81 – The Tale of Many Tales

The tale of many tales is the story we have about ourselves and the story we try to ensure that others have of us too. What are some of the stories you have about yourself? How attached are you to these stories? Does that attachment cause any self-inflicted suffering to arise?

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Transcript:

Welcome to another episode of the Secular Buddhism podcast. This is episode number 81. I am your host, Noah Rasheta. Today, I’m talking about stories, the stories we have about ourselves and the stories we try desperately to ensure that others have about us too. As always, keep in mind the Dalai Lama’s advice: “Do not use what you learned from Buddhism to be a Buddhist. Use it to be a better whatever you already are.”

Before jumping into this podcast episode, I do want to address a couple of housekeeping items. The first one is regarding use of the term Secular Buddhism. What is it? What separates it from other forms of Buddhism? This kind of stems from a conversation that I saw taking place on the Facebook group in the Secular Buddhism Facebook group asking about Secular Buddhism. Is Secular Buddhism a form of self-help? And kind of the accusation that Secular Buddhism, as a bigger movement, is not equivalent to what I am doing in this podcast, and in some ways, what I am doing with the podcast has nothing to do with Buddhism. So, I wanted to address this a little bit.

I read specifically this comment that I don’t teach Buddhism. So, I want to share a couple of my concerns with Buddhism in general. I feel, as I’ve mentioned before, that whatever the original teachings were of the Buddha, they have evolved into the teachings about the teachings. That is to say that over time, what we tend to focus on more than anything is what is Buddhism? How should it be interpreted? What was taught? What did the Buddha say?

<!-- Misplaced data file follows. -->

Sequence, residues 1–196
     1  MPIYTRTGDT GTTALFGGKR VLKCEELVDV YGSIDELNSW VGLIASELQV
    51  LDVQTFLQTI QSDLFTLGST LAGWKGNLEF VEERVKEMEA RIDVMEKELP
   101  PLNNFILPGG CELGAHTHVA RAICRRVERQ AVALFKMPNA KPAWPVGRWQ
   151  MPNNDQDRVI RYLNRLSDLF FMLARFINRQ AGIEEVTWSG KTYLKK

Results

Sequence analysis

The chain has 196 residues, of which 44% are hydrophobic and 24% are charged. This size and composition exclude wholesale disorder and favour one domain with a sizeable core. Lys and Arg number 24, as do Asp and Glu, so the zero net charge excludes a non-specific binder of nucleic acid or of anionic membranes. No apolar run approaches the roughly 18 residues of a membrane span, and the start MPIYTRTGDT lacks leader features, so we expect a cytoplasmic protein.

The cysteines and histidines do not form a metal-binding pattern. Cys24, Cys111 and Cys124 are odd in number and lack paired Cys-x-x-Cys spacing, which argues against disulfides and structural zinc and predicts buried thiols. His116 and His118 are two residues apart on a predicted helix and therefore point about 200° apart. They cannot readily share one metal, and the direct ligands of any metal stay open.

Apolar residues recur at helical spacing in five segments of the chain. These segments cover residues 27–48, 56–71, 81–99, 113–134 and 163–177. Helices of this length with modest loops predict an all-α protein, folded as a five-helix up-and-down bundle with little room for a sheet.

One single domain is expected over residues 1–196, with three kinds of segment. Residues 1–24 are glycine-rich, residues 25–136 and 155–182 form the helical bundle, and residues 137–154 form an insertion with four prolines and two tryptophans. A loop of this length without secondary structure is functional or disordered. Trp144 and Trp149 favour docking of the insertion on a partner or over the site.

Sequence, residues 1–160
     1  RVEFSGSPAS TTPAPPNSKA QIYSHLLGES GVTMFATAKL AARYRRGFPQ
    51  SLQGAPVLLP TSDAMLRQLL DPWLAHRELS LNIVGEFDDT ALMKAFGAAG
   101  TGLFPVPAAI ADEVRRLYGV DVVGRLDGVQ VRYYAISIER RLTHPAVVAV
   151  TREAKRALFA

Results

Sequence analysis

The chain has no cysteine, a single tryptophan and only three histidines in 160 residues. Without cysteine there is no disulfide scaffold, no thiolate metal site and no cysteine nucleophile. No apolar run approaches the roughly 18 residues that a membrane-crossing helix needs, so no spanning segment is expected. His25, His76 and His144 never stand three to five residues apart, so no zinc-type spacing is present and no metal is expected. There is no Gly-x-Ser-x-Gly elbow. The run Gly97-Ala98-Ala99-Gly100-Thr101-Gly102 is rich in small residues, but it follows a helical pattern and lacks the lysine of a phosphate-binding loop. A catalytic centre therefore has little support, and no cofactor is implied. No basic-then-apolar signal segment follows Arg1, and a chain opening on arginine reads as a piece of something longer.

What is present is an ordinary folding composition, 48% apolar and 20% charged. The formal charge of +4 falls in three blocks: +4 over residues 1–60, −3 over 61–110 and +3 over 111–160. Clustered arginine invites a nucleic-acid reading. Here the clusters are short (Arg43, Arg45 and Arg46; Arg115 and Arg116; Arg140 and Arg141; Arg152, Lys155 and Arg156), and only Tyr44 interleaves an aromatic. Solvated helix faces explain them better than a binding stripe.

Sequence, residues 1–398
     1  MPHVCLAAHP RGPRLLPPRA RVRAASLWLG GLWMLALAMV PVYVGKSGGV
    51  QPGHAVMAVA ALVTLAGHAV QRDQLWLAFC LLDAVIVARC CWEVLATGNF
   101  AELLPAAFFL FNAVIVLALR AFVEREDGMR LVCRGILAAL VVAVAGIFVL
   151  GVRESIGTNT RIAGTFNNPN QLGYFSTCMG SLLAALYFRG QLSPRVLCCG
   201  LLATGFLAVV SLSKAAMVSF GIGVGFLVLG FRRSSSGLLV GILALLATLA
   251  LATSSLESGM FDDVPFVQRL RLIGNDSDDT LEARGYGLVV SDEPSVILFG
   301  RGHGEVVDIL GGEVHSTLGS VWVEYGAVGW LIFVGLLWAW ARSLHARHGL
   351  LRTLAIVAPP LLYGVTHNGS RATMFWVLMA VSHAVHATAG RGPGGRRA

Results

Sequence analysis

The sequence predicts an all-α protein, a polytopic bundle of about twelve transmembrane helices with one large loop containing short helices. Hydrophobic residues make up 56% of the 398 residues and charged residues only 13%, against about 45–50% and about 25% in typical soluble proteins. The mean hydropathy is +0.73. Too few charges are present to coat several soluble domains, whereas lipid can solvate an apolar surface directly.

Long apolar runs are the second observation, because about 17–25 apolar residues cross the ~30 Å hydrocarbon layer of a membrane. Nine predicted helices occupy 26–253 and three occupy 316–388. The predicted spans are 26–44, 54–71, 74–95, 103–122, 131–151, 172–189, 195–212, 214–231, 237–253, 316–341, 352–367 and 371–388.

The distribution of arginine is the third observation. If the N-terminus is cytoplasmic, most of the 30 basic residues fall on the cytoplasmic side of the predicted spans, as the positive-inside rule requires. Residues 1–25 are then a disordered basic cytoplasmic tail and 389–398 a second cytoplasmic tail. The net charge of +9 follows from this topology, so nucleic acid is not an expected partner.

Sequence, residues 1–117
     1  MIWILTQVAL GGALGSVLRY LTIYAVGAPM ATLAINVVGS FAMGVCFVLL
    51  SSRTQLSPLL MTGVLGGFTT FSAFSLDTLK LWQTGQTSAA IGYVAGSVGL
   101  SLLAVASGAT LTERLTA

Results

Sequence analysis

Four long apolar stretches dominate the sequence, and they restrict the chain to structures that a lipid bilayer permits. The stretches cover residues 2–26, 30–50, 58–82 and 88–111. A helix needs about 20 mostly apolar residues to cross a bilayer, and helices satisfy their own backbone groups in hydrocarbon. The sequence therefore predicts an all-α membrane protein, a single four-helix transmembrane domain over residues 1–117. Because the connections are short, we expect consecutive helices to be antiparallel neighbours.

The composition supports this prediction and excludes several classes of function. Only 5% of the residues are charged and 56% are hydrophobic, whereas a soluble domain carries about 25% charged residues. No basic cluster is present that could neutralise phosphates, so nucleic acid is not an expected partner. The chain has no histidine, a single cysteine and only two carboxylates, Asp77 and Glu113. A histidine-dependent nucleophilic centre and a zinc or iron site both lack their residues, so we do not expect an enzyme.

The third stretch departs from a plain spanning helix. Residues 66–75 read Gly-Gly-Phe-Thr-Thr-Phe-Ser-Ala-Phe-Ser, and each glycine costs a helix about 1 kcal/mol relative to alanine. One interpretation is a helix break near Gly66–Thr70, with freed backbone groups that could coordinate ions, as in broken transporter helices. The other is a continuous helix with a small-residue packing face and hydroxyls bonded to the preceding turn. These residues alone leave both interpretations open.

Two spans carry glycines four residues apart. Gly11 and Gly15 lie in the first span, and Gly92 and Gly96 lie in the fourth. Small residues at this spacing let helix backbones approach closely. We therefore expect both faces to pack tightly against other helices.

To me, all of these things are, by large, just the teachings about the teachings. The problematic part for me is that it was hundreds of years from the time that these teachings, however they were originally talked about or shared, before they were ever finally written down. Now, that in and of itself, is problematic to me, because now we have somebody who heard from somebody who heard from somebody for hundreds of years deciding that, oh, I’m going to write this down, and this is what the Buddha said.

The truth is, we don’t know what the Buddha said. We know what we think someone said the Buddha said, and that’s fine. There’s a lot of great content that comes from there, and all the various schools that have emerged over the thousands of years that these concepts and ideas have been shared have done a fantastic job of really getting to the heart of what these teachings are about.

Now, I mentioned in a previous episode that to me, this is a lot like whoever was the first to start talking about algebra, that as the understanding of algebra emerged from this person, and it has spread and continues to be a way of understanding reality and the universe, it’s no longer that relevant to know, well, who was the first one who talked about algebra? What did he say about it? Is there a specific or a proper way to study algebra? That evolves over time in the same way, to me, that languages and accents evolve.

As a language emerges, what makes it valid is that everyone who is speaking the same language has a general consensus that this word means this, and that word means that, and that’s what allows us to communicate. However, the accents immediately morph and change pretty quickly. This is why you can see this with English as it spread from where English originated. Look at the various accents, from Australia to the United States, even they’re close. Scotland, England, Ireland, they all have very unique accents. And even words start to change, and the word that you would use in one place is not the same word you would use in another place, because that word may mean something else.

That’s very easy to visualize, and I think it’s very helpful to imagine ideas in the same way that we view languages. Buddhism, like a language, as it has spread to the various countries where it spread, it’s adopted and morphed into what works for that specific time and that specific culture and that specific language. You kind of have all these various accents of Buddhism. Which one is right? Well, that’s not the right question. What we should be asking, there isn’t a right one, in the same way that none of us entertain this question when it comes to language, and say, “Well, which accent of English is right?”

Sure, you may have some people argue that, “Well, the British is the most accurate, because that’s where English comes from.” But that’s not necessarily true, because English has evolved already from the way it was first spoken to how it is now. If it’s always changing, there just isn’t a right one.